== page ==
India’s slide has come amid many developments in the country that may indicate a shrinking of space for free media.


For instance, the British broadcaster BBC is under severe pressure from prime minister Narendra Modi’s government. It was subjected to income tax raids and a forex-related probe after it carried a documentary scathing of Modi for his alleged role in the Gujarat 2002 earlier this year.

Similarly, media organizations like the Quint and NDTV have been taken over by business conglomerates perceived to be close to Modi. This was followed by their senior journalists and founders, till then critical of the government, quitting the organization.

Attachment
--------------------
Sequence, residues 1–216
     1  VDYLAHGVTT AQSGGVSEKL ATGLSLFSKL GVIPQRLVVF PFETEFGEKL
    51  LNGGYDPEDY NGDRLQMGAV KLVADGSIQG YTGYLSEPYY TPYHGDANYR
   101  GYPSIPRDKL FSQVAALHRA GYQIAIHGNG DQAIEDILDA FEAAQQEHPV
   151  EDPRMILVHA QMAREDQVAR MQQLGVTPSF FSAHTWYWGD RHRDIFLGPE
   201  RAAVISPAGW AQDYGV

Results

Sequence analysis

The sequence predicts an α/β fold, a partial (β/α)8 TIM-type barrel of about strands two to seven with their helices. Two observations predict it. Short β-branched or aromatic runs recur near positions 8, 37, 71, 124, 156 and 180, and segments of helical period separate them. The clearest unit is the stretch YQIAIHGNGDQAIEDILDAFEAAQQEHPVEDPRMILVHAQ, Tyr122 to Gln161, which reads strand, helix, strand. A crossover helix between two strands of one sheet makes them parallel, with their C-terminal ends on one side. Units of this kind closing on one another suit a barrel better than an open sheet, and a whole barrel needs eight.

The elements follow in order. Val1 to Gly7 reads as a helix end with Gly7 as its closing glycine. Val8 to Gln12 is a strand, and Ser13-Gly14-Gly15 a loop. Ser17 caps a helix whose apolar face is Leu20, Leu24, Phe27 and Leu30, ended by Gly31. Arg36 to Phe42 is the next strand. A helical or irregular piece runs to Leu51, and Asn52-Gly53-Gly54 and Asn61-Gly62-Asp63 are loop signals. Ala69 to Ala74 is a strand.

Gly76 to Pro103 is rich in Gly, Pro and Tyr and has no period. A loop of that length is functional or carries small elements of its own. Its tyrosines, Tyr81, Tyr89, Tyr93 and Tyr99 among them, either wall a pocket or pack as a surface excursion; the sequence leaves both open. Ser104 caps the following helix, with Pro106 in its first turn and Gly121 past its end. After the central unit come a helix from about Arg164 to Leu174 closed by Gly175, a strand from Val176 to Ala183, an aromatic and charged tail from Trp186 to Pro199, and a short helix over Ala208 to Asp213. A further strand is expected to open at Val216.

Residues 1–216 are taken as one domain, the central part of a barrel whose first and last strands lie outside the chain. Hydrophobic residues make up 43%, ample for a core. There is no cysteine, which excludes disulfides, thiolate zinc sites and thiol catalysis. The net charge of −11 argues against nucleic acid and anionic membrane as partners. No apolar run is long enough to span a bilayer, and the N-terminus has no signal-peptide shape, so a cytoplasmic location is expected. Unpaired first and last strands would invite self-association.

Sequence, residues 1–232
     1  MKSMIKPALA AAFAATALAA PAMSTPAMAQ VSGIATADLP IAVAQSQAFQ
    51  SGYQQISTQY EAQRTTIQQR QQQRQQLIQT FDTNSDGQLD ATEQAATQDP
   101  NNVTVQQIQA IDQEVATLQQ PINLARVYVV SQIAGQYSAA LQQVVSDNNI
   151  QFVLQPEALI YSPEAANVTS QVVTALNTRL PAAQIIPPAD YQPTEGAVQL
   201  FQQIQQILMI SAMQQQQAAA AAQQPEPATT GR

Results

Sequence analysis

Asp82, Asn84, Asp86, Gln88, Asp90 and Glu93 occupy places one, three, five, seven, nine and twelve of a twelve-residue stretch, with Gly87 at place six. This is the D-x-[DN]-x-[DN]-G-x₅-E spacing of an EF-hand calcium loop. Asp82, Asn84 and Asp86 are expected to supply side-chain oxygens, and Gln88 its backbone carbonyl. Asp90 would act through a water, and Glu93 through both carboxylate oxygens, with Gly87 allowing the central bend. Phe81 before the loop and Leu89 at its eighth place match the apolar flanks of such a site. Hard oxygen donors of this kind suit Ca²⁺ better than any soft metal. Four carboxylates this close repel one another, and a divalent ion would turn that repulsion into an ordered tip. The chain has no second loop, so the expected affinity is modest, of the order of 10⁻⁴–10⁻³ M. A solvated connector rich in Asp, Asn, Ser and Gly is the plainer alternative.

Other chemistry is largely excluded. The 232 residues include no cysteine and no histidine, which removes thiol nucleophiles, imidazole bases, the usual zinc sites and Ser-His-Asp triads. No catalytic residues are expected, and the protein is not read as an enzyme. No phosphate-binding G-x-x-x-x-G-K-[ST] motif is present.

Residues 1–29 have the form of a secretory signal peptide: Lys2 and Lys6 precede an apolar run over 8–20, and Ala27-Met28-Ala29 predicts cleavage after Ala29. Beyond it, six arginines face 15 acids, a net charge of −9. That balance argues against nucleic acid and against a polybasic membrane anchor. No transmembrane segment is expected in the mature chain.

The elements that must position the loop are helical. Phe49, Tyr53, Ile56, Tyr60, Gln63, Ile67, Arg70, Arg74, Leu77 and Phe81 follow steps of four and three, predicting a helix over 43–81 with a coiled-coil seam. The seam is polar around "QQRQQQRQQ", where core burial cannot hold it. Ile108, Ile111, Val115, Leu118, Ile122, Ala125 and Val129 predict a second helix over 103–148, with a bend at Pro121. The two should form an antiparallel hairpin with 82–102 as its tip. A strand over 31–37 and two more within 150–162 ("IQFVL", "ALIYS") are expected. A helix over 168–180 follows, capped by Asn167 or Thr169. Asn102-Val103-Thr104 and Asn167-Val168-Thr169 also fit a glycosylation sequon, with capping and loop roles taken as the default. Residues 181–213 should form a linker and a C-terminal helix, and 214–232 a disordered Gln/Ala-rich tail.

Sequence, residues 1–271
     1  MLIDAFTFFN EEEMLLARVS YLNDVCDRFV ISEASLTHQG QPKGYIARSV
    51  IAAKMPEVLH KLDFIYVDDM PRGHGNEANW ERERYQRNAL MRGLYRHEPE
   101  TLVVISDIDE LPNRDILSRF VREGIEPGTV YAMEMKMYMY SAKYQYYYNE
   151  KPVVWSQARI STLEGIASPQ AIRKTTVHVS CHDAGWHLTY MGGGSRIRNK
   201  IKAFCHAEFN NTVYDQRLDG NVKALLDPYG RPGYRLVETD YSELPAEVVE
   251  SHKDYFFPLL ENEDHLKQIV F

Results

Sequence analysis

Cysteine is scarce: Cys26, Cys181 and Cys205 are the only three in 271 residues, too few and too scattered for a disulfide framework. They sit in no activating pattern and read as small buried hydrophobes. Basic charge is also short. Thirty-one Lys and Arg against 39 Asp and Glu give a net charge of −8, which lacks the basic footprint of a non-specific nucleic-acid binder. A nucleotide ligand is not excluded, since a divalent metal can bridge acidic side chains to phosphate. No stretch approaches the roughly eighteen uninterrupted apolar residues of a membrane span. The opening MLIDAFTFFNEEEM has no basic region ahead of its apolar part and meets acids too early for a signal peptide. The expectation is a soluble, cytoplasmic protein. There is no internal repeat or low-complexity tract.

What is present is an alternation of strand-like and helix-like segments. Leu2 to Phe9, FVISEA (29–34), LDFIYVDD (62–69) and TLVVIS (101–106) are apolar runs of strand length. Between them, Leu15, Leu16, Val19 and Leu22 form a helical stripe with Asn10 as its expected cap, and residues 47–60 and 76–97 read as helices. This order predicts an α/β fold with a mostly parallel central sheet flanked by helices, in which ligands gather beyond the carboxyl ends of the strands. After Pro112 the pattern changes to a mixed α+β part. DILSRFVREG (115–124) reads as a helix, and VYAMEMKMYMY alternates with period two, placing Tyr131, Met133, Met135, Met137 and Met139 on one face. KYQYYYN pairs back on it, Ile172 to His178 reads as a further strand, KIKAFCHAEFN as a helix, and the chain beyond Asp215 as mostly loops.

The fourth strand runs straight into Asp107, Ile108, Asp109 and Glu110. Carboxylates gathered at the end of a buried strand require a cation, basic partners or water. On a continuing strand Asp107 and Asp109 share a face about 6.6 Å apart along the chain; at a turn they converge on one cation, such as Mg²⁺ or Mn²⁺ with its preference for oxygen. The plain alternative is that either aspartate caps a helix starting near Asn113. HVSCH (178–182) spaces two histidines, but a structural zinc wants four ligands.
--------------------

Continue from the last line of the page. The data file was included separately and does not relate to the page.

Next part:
This is besides a deluge of misinformation sweeping the media, particularly targeting journalists themselves.

“My image has been morphed in a porn video and circulated all over the internet, including the fan pages of the ruling government leaders. Spokespersons of the ruling government in India have spread the vilest fake news and misinformation about me and my family members,” Indian journalist Rana Ayyub told the Nobel Prize organization on World Press Freedom Day.


Meanwhile, and not surprisingly, the Indian government doesn’t agree with the press freedom ranking. It has cited the index’s low sample size and questionable methodology, among other factors, to assert its disagreement. It has also claimed not to interfere with the working of the press in the country.

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